Micah has been a compulsive liar all her life. Convincing her classmates that her father is a drug-dealer or her principal that she is a hermaphrodite is nothing to her. But when her secret boyfriend Zach is brutally murdered and all the school suspects her, Micah finally wants to stop lying. “I will tell you my story and I will tell it straight,” she says in the prologue. “No lies, no omissions. That’s my promise. This time I mean it.”
But does she?
If you’re wondering: yes, there are “speculative” elements in this story. Unless there aren’t. For Micah is a thoroughly unreliable narrator. There are multiple twists and reveals: times when you find out everything you knew was radically incomplete, and times when you find out something important was a lie, and times when you wonder if anything you know is true. At the end of the novel–and Larbalestier has said in interviews that this was her intent–there are at least two possible endings and no way to absolutely judge between them.
Since the plot is five-dimensional spaghetti doused in ambiguity sauce with a sprinkling of contradiction on the top, Liar has to run on style and characterization. The prose is good, though not the sort of near-poetry that will make me forgive anything. And Micah herself is an interesting and vivid character. She faces some really horrid situations; I really felt sorry for her and wanted her to be okay. But she’s also incredibly difficult to like, because she has almost no empathy for anyone until late in the story. Then she does change a bit . . . or she lies about changing. Or she lied about not caring in the first place. Do you see why this is a slightly frustrating novel?
The one unambiguous truth about Micah is that she loves Zach. I think this was meant to be one of the big emotional hooks of the story–and I love doomed romance, so I was ready to be hooked. But the problem is that Zach is a total sleazeball jerk. He cheats on his girlfriend. He boasts about getting girls to say “I love you” while never saying it himself. He tells Micah that their relationship “wasn’t love. It was something stronger.” Um, yeah, it was “getting Zach twice as much action with no consequences.” Intellectually, I acknowledge that Zach is a human being and a child of God, and therefore it’s awful that he was killed. But emotionally, I really don’t care.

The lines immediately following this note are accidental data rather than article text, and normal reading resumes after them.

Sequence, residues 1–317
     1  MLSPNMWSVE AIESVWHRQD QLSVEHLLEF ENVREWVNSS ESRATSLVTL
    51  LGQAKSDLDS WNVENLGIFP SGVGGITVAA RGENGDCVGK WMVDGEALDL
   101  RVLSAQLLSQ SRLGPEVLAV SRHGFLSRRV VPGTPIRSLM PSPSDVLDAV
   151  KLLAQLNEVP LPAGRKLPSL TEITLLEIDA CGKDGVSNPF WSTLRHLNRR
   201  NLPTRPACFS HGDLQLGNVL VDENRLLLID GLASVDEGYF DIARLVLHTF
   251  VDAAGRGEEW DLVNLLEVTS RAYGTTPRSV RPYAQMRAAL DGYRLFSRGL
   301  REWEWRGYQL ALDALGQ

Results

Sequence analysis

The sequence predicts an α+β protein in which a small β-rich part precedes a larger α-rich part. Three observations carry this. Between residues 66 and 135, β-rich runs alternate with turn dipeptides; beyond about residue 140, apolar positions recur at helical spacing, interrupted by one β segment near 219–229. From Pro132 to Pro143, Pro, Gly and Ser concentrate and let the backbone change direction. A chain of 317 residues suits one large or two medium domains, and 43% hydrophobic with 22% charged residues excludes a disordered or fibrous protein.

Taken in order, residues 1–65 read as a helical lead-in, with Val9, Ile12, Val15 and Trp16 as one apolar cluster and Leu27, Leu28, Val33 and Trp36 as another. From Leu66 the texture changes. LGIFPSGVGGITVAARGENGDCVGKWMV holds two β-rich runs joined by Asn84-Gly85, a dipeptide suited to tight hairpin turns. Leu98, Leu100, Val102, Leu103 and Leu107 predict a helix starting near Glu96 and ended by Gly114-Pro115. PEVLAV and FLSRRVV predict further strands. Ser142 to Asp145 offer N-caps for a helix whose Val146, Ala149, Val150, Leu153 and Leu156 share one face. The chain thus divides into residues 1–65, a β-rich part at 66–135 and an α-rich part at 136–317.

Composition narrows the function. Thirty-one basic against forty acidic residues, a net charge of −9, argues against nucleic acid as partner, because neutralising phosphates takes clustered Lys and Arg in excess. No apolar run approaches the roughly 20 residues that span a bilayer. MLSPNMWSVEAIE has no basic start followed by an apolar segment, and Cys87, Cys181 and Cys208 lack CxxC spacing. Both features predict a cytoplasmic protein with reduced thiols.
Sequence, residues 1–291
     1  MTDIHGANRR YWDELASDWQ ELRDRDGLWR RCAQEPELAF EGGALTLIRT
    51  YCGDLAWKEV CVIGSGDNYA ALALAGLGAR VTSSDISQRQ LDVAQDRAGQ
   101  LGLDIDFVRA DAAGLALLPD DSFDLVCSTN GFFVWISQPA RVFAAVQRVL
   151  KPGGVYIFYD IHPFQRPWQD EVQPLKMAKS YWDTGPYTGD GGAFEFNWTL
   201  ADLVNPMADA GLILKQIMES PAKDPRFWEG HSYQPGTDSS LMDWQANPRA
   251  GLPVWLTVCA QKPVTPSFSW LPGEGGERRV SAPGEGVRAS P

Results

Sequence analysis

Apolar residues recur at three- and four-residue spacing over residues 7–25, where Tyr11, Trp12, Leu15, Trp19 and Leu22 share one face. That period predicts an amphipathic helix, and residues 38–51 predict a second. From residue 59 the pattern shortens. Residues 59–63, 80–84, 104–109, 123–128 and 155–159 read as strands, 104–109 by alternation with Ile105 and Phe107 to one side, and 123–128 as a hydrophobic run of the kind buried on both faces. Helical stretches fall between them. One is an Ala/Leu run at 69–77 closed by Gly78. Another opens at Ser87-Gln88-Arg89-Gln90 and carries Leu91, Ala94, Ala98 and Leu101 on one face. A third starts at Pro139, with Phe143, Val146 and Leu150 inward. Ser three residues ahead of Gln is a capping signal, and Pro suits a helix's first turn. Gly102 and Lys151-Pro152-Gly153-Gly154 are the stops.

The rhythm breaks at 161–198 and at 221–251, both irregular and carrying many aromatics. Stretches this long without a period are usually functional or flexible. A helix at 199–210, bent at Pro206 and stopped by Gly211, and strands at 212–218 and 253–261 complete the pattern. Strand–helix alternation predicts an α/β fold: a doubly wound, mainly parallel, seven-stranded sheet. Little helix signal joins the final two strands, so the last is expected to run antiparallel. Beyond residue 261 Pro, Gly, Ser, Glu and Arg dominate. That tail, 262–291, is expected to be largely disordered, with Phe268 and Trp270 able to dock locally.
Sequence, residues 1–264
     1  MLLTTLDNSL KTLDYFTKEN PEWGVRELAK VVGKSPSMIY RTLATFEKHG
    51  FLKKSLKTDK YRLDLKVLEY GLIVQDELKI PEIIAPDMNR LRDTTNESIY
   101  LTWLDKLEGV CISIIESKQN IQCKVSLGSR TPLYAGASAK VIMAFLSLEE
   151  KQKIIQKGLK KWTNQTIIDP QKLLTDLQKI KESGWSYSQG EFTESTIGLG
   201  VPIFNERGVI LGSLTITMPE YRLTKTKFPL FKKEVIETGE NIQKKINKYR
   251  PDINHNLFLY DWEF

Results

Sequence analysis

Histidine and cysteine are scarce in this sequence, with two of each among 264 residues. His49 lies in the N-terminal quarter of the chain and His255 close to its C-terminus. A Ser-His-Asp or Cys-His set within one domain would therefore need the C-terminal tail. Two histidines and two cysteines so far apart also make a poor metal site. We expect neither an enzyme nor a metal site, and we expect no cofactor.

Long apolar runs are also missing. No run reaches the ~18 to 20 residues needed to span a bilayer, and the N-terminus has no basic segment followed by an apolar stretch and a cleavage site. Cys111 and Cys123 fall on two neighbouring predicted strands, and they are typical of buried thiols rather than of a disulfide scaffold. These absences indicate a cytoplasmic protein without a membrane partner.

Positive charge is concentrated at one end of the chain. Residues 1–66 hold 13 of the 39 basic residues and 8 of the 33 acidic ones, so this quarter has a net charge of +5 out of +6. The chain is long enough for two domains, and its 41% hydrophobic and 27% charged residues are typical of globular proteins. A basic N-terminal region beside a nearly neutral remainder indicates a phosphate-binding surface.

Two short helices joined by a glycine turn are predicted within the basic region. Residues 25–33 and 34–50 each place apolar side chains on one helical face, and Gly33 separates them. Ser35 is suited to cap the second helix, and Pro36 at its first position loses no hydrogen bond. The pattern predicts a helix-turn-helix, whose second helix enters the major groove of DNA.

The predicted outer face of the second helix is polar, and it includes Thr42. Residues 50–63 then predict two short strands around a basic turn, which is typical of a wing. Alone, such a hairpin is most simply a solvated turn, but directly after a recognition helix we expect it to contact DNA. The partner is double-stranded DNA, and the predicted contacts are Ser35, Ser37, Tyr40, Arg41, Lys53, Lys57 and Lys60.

In the end, I think that Liar is a victim of its own success. Larbalestier succeeds in creating a story that is vivid, unique, and fundamentally unknowable. I read the whole thing in just a couple sittings, so it worked for me to that extent. But I don’t read books to find stories I admire. I read books to find stories and characters I love, with the kind of emotional payoff that makes you laugh or cry or dance in circles. And I can’t invest emotionally in a story when I don’t know what’s happening or even what sort of person the heroine really is. Other readers, of course, may react differently; I suspect the quality of this story may be to a large extent subjective. Which I suppose is only fitting!
Needless to say, a story with a radically unreliable narrator does not simply advocate X, Y, or Z. Micah doesn’t have a lot of scruples; besides the lying and the lack of empathy, this manifests in a very permissive attitude towards sex. There isn’t anything onscreen, but there is a variety of making-out, some of it homoerotic. Oh, and at a certain point Micah basically says that she likes the idea of threesomes. What are we supposed to think about all this? Who knows! Personally, I’m willing to bet the author is on board with the sex stuff–though not the lying–but the logic of the story doesn’t force a conclusion.
Content: see the above, plus a variety of cursing and crude language, and discussion of a brutal murder. (Or is it?)